Experience with XFS


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Because of the new v11-feature of immutable backups on XFS filesystem, I am looking for real-world experiences with XFS as Repository.

I just read through this forum entry:

https://forums.veeam.com/veeam-backup-replication-f2/v10-xfs-all-there-is-to-know-t65222-30.html

and the closing experience of user ferrus:

https://forums.veeam.com/veeam-backup-replication-f2/v10-xfs-all-there-is-to-know-t65222-30.html#p388579

 

Sounds very good to me so far. I can remember first implementations of ReFS Block Cloning. Lets say, it does not work that fine at the beginning.

Would you share some of your experiences with XFS as Veeam Repository? I would be interested in:

  • stability 
  • performance (over time)
  • needs for troubleshooting
  • administrative effort

Thanks!


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Just for my interpretation, if you want XFS and have an REFS environment, you have to got a greenfield for that right?. How do existing customers wit SOBRS handle this (or what is VEEAM point of view in this. Especially in a window only environment>

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I have installed a SOBR with three extents of XFS in our largest VCC datacenter.  It works extremely well and have not had issues.  We did mix it with ReFS but that was a bad idea and created a new SOBR just for XFS alone and no mixing.

We also try to keep SOBRs at 2-3 extents maximum and then create new ones as needed.

Thanks Chris!

What was the problem(s) when mixing XFS with ReFS in a SOBR?

One thing to note is the block size for ReFS is recommended on Veeam to be 64K and XFS is 4K, so I believe that alone would be a problem if trying to mix in one SOBR.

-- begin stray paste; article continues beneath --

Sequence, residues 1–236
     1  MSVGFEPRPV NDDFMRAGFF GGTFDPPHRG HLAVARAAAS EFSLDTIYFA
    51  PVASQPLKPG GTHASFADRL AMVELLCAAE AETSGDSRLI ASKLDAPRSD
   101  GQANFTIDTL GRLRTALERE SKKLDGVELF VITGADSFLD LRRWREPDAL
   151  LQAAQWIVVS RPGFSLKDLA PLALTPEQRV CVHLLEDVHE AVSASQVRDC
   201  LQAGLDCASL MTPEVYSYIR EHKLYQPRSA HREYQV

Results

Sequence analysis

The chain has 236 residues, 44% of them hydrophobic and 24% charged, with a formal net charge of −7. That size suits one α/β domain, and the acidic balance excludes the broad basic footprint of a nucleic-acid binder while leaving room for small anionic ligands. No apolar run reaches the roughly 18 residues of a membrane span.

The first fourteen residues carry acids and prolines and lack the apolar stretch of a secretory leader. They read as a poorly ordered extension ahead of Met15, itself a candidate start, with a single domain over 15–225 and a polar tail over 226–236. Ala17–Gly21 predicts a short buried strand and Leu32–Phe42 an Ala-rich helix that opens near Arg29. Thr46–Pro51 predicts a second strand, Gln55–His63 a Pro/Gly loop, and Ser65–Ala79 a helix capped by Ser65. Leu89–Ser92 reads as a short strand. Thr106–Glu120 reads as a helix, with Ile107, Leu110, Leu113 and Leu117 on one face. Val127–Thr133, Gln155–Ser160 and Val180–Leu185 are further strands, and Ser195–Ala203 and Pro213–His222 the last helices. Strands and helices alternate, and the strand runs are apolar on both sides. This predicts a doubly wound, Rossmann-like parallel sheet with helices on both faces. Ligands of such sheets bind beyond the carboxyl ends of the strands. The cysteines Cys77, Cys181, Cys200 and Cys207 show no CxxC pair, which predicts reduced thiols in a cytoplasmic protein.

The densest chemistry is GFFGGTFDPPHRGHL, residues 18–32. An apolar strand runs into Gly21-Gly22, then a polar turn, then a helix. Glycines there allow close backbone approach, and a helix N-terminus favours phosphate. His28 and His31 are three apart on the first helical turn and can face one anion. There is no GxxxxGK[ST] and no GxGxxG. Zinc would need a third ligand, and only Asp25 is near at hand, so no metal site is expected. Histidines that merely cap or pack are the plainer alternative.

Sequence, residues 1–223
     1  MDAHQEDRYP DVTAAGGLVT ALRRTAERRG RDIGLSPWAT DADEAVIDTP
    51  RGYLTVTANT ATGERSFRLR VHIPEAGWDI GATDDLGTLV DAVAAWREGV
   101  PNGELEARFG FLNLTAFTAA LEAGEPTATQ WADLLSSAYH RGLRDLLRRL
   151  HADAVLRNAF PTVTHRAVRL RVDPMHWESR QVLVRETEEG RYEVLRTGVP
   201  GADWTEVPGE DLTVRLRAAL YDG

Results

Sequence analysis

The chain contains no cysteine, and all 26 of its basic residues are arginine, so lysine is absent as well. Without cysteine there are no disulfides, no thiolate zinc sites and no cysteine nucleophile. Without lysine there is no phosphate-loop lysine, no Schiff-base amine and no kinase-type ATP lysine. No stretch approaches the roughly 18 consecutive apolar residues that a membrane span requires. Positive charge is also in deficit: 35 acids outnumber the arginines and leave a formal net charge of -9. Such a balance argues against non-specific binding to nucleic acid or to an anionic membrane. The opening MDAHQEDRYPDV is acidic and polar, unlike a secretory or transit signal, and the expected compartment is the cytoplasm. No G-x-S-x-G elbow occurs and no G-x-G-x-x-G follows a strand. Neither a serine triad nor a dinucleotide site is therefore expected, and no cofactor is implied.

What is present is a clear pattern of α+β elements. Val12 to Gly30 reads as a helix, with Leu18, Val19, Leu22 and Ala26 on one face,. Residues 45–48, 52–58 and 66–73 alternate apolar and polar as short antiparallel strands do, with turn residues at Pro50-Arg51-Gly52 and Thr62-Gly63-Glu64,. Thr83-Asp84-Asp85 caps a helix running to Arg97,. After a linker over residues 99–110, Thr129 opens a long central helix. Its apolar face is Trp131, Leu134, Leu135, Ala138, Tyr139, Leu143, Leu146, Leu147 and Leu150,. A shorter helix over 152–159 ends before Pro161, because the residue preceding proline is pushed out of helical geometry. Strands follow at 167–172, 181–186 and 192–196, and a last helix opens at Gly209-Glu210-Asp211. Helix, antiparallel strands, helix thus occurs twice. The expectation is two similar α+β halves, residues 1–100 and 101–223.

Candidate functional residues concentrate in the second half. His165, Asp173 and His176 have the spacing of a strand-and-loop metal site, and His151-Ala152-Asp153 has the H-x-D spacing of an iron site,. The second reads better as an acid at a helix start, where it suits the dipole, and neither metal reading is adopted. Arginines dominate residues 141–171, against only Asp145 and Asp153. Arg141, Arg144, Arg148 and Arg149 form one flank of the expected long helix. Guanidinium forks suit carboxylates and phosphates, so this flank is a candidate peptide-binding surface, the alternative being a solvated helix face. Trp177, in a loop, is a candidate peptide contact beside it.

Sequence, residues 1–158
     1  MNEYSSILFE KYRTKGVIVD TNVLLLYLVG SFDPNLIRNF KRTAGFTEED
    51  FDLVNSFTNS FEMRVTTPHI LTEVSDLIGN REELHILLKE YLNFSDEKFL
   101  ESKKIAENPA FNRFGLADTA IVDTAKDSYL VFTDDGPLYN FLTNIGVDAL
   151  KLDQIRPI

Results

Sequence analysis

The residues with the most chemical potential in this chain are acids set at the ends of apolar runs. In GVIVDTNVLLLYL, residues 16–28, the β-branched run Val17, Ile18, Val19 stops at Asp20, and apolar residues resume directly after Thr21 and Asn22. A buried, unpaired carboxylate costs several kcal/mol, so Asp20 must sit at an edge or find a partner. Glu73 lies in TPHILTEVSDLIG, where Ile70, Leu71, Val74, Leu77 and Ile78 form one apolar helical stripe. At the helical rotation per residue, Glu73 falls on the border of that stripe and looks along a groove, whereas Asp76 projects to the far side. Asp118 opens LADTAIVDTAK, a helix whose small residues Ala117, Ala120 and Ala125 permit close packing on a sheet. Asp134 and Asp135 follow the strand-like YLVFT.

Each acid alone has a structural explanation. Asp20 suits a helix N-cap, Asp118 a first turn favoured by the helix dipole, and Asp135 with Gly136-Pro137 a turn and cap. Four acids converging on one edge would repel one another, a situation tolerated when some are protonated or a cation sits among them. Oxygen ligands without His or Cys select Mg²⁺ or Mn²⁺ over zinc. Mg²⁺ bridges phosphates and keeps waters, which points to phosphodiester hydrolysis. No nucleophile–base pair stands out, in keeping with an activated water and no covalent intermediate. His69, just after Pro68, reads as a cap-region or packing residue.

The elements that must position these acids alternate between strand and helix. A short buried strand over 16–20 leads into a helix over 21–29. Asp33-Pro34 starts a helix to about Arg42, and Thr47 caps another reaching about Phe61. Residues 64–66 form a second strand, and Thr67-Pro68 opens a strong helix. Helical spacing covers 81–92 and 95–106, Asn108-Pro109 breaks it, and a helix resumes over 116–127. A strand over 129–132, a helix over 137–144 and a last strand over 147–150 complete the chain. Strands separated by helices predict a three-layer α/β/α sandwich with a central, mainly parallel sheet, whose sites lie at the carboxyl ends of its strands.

Continuing this - I’d really also like to know which issues you saw when with mixing XFS and ReFS in one SOBR?! @Chris.Childerhose 
I can’t think of any tbh.
@vNote42 The block cloning block size is completely irrelevant in SOBRs - it’s just something how the file is stored on the OS. You can also mix a dedup appliance and an ReFS repo and that works fine.
When moving files out of one extent to another you’ll loose the block cloning anyways.

So @HenkRuis: As said I don’t see a reason for not mixing XFS and ReFS repos, so I’d add XFS extents to your SOBR and seal the ReFS extents, so that the backups age out and you do not loose your ReFS block cloning space savings by evacuating the extent.
You’ll have to create a new active full to start with block cloning on XFS, but that’s it.

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Hi @StefanZi - this issues we saw was when a job ran if it was on XFS to start and then for some reason decided to write over to ReFS it seemed to cause major issues on the VCC server and repos.  I cannot explain it fully but when we separated the XFS from ReFS everything seems to work great at that point.

I know the documentation says you can mix them but from the people I spoke with at Veeam it was recommended not to.  So that is the approach we have been taking lately.